Images by Brandon Kidd Photography and Justin DeMutiis Photography (thumbnail image by Molly Yeh)
signage has a few practical uses at the wedding: to clarify directions, welcome guests, or share a seating policy or schedule. You can also use them as pure decoration, perhaps by including a quote about love or marriage. Whether DIY, commissioned or bought ready made, signs can easily be elevated into something beautiful in line with your theme. A calligraphed wooden sign on a stand is a simple but modern option!
2/ Programme or Accessory Table
Some couples put items like programmes, fans/parasols and toss items on seats, but if you’d rather have them available on an as-needed basis, you may want to supply (and decorate!) a small table near where guests will enter the ceremony area. This doesn’t have to be too elaborate. Adding a tablecloth and a small vase of flowers can look really effective!
Image by Anna Routh Photography
You might like to add something extra to your chosen chairs, whether for pure decoration (ribbon or fabric), comfort (some simple cushions) or something for guests to use (fans or confetti).
Image by Michael + Anna Costa Photography
4/ Aisle Runner or other décor
Make the path to married life extra special by transforming the very ground you’ll walk on! A length of fabric, a series of rugs or a smattering of petals are all lovely approaches. You can also decorate the edges of the aisle with small posies of flowers/greenery, candles or lanterns.
Front of the ceremony/wedding arch – as the main focal point for the ceremony, the place where you’ll stand is a prime opportunity for decoration! Florals, greenery and fabric are the mainstays for a wedding arch, but you could also create something beautiful with macramé or even plain wood.
Images by Justin DeMutiis Photography and Jose Villa Photography
Even if the cocktail hour is mostly standing, you’ll usually have tables for setting drinks down. These can be simply elevated with something pretty (candles or flowers in vases being a great choice) or more personal (perhaps framed photos or quotes). The same goes for a lounge area, if you’re having one!
Image by The Edges Wedding Photography
6/ Bar + Buffet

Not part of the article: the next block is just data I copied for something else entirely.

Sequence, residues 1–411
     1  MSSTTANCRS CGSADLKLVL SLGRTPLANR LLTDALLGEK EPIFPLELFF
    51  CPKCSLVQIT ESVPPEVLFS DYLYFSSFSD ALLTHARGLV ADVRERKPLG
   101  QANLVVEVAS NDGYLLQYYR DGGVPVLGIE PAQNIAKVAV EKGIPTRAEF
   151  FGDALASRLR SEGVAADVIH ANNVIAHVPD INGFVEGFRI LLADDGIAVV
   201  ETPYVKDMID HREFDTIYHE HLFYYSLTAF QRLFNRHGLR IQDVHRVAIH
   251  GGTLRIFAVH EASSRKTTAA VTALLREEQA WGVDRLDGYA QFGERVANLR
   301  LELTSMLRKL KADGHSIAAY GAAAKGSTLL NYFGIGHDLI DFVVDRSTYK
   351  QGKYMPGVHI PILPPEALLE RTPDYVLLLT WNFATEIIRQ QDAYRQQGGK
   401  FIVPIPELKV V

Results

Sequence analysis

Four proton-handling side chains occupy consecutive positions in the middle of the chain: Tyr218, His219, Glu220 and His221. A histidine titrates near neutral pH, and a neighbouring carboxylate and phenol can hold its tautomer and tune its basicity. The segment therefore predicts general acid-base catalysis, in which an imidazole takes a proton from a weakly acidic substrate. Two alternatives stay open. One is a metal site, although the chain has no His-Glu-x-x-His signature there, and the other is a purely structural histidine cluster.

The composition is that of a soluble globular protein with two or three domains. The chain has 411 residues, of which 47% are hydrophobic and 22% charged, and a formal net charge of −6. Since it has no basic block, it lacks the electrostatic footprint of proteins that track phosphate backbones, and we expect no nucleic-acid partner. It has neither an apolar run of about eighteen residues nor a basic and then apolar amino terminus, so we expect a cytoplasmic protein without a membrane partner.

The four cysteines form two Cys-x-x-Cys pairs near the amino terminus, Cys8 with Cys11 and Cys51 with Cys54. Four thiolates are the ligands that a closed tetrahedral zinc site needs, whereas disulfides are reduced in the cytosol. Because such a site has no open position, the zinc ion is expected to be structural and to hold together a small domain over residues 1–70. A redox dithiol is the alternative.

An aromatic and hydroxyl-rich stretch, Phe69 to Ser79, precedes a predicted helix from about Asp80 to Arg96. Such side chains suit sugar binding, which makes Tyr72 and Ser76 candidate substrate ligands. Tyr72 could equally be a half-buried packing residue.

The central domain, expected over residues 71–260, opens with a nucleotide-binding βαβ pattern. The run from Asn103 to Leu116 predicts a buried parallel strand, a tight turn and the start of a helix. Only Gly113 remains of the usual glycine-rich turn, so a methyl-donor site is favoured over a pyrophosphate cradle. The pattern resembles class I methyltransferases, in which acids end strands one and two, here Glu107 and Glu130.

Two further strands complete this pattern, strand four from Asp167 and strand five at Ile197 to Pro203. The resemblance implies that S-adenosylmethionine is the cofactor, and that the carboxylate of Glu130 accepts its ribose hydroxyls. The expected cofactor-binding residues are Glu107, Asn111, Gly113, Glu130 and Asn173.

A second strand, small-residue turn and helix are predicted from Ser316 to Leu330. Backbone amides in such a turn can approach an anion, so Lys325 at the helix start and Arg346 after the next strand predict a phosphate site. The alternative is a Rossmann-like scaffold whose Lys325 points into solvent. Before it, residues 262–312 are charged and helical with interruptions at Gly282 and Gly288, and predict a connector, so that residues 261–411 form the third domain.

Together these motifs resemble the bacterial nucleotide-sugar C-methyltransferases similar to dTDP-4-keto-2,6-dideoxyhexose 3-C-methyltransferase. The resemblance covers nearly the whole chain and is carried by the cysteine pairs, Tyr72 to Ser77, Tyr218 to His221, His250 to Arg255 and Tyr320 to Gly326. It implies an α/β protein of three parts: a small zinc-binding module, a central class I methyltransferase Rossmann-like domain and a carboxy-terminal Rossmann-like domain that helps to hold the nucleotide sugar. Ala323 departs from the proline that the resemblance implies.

If you have room to play with on the top of the bar or buffet table, floral displays and framed menus look very chic. Otherwise, stick to draping or hanging décor like fabric, bunting and lettering, or some larger potted plants on the floor in front of the setup.
Image by Kay English Photography
7/Seating chart/escort cards
The seating chart has tonnes of options for creativity, from displaying it on an unusual material (like fabric, a mirror or the glass door above) to accentuating it with a garland or bunting. If you’re having escort cards, you could make a similar effort towards their presentation, perhaps by hanging them on twine or ribbon, or setting them out neatly on trays to designate individual tables.
Image by Eric Keley Photography
8/ Dining tables
As the cornerstone of the reception, we’re sure you won’t forget to beautify your reception tables! Usually the table décor consists of an anchoring centrepiece, plus a beautiful table setting.
Image by Joel Maus and Lorely Meza for Studio EMP
10/ Dance floor
for the dance floor, the main decorative concerns are the floor surface and the lighting. You’ll have the most control over these elements if you’re establishing your own dance floor, perhaps in a marquee or outdoor setting. If you’re using a venue with their own dance floor, you could consider adding some extra touches, perhaps bunting or café lights overhead or a vinyl decal or gobo projection of a monogram, stars or another pattern.
Image by Amy Arrington Photography
Nothing gives a wedding romantic ambience quite like magical lighting! During the day, natural light can sometimes be enough, but if in doubt (or if some or all of the ceremony and reception will take place after sunset) visit your venue(s) at the same time of day as the wedding to better understand lighting requirements. Chat with your venue before making decisions on lighting - there may be other restrictions to consider, extra charges for power, or a site technician you’ll need to work with.